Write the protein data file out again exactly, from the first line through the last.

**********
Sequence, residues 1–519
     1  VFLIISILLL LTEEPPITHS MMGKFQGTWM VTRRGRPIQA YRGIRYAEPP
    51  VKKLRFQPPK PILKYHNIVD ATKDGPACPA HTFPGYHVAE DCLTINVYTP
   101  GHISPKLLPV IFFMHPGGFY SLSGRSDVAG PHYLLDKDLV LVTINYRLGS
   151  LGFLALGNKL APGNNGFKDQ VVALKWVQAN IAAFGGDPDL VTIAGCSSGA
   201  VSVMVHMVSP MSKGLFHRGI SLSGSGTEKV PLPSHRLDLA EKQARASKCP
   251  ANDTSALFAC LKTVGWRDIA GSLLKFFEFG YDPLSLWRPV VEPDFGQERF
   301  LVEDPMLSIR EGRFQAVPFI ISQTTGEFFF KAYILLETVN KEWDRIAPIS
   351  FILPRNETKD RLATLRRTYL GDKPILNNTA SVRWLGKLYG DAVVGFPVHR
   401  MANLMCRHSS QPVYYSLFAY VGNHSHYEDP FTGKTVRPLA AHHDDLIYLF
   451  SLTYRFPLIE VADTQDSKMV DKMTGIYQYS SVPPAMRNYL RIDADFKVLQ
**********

Sequence, residues 1–519
     1  VFLIISILLL LTEEPPITHS MMGKFQGTWM VTRRGRPIQA YRGIRYAEPP
    51  VKKLRFQPPK PILKYHNIVD ATKDGPACPA HTFPGYHVAE DCLTINVYTP
   101  GHISPKLLPV IFFMHPGGFY SLSGRSDVAG PHYLLDKDLV LVTINYRLGS
   151  LGFLALGNKL APGNNGFKDQ VVALKWVQAN IAAFGGDPDL VTIAGCSSGA
   201  VSVMVHMVSP MSKGLFHRGI SLSGSGTEKV PLPSHRLDLA EKQARASKCP
   251  ANDTSALFAC LKTVGWRDIA GSLLKFFEFG YDPLSLWRPV VEPDFGQERF
   301  LVEDPMLSIR EGRFQAVPFI ISQTTGEFFF KAYILLETVN KEWDRIAPIS
   351  FILPRNETKD RLATLRRTYL GDKPILNNTA SVRWLGKLYG DAVVGFPVHR
   401  MANLMCRHSS QPVYYSLFAY VGNHSHYEDP FTGKTVRPLA AHHDDLIYLF
   451  SLTYRFPLIE VADTQDSKMV DKMTGIYQYS SVPPAMRNYL RIDADFKVLQ